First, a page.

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<Link> World-building by visual artists
Here's a few other world-building efforts by artists, designers, and filmmakers to show off hard science fiction alien or future worlds in a way that appeals to a general audience. What's interesting is how most of the projects can use the exciting new ideas used in the science fiction setting to educate the audience and illuminate specific scientific concepts.


Birrin by Abiogenesis

Dinotopia by James Gurney (not hard sf at all, but it's got beautiful illustrations of dinosaurs as part of a society)

The Epona Project

The Future is Wild (BBC)

Alien Planet
and the concept artist, Wayne Douglas Barlow
I love the Birrin illustrations, and the world that Abiogenesis has created for them

Believably non-humanoid aliens with a rich culture.
I wonder if he's made a map of this world yet...
Snaiad is fantastic, and his illustrations are exemplary. The whole biosphere and its evolutionary past has been worked out in great detail.

And there is a map;
[Image: Sndmapbiomess.png]
There is also Furaha, by Gert van Dijk (who was in the OA worldbuilding group for a spell)

Gert has carefully worked out the mechanics of his creatures, and his conclusions are intriguing.
Here's a relatively new one, but it is worked out in satisfying detail;
Project Nereus
The Dinotopia project has considerable relevance to the OA scenario; we have a major empire in Cygnus (the Archosaurians) which includes lazurogened and provolved dinosaurs. The society in the Archosaurian Empire would presumably be more hi-tech than the Dinotopia worlds, but there is no reason why it would be any less decorative to look at.

Incidentally, I've noticed a curious coincidence;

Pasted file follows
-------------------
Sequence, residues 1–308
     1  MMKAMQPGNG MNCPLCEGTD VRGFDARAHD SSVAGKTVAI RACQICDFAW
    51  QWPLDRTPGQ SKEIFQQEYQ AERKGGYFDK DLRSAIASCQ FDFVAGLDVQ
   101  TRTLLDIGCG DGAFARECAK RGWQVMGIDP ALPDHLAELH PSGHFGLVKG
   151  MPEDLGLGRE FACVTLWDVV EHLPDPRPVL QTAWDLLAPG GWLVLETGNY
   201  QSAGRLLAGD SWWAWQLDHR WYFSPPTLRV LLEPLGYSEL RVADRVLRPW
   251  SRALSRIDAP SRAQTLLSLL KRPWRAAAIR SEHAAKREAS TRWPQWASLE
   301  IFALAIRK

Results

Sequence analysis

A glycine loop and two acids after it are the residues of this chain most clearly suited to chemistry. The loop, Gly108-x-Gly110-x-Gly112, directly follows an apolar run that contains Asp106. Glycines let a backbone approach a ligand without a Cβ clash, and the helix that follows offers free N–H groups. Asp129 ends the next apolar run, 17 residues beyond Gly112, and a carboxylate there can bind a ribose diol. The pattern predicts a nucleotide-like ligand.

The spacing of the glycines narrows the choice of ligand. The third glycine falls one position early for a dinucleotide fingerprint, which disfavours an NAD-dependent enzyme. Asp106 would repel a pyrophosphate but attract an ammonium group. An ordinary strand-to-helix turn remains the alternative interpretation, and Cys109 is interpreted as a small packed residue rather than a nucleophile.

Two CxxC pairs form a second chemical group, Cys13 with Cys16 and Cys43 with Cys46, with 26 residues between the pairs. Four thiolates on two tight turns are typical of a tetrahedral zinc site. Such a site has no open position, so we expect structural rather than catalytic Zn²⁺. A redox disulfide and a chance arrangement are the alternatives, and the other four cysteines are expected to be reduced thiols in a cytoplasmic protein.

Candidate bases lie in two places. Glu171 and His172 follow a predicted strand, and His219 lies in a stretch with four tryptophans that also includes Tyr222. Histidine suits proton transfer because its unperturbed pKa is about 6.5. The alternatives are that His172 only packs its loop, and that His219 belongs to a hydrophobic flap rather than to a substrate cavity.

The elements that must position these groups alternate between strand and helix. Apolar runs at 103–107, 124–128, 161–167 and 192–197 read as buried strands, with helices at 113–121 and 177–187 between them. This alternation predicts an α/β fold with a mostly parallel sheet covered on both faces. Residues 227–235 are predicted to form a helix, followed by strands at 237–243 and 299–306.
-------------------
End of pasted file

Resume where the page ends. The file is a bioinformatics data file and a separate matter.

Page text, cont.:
here's one of James Gurney's magnificent illustrations of Dinotopia;
[Image: Archway-Scene-copy.sm_.png]

and here's a 18th century painting of a bridge in my home town
[Image: Ouse-bridge.jpg]
one wonders if he used that image as a reference...

One way that these expostion-heavy stories like Dinotopia, Furhura, or abiogenesis' really work is by telling their diagrams as part of an explorer's notebook or a nature documentary. They keep their illustrations prominent and make the worldbuilding documentation solidly embedded within the story of the expedition.

It's also interesting to see Avatar's Pandora broken down into a wikipedia group.

...and the planets of the star wars universe
The Illustrated Star Wars Universe by Ralph Mcquarrie

Wayne Douglas Barlowe's Hell might be relevant to the queen of pain.

As well as his great book, Barlowe's Guide to Extraterrestrials, which illustrates a variety of extraterrestrials from Classic Science Fiction

Also, there's the Mongoliad- which, while historical, is still a cool group worldbuilding project- mostly text based- by Greg Bear, Neal Stephenson, and others. I think the process of recreating a world from the past is very similar to creating a hard sci-fi world, so this is great to look at. wouldn't surprise me if James Gurney, on a trip through britain, had sketched the painting then used it as a reference to build his models for lighting purposes.
Looking at all these wonderful illustrations and worlds, I find myself wondering if we should look at significantly modifying the look of our Galactography pages when we finally do the site redesign. This might be a two-fold effort, both developing a common 'look' for the pages, as well as creating a 'template' for new worlds that somewhat lays out what subjects should be considered (with the option of using them or not, we want to let people be creative and flexible) when designing a new system in OA.